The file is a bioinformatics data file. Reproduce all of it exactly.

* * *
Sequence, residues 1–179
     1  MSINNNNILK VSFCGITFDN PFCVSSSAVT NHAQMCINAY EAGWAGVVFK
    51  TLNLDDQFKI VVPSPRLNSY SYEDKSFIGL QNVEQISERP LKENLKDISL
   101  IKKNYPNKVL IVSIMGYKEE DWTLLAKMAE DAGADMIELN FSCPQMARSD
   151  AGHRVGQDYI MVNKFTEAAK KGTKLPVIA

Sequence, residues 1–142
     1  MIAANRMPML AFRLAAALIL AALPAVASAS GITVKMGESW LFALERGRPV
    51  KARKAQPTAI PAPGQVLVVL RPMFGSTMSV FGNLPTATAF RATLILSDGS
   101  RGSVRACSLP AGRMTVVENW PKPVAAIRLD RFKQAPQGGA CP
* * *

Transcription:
Sequence, residues 1–179
     1  MSINNNNILK VSFCGITFDN PFCVSSSAVT NHAQMCINAY EAGWAGVVFK
    51  TLNLDDQFKI VVPSPRLNSY SYEDKSFIGL QNVEQISERP LKENLKDISL
   101  IKKNYPNKVL IVSIMGYKEE DWTLLAKMAE DAGADMIELN FSCPQMARSD
   151  AGHRVGQDYI MVNKFTEAAK KGTKLPVIA

Sequence, residues 1–142
     1  MIAANRMPML AFRLAAALIL AALPAVASAS GITVKMGESW LFALERGRPV
    51  KARKAQPTAI PAPGQVLVVL RPMFGSTMSV FGNLPTATAF RATLILSDGS
   101  RGSVRACSLP AGRMTVVENW PKPVAAIRLD RFKQAPQGGA CP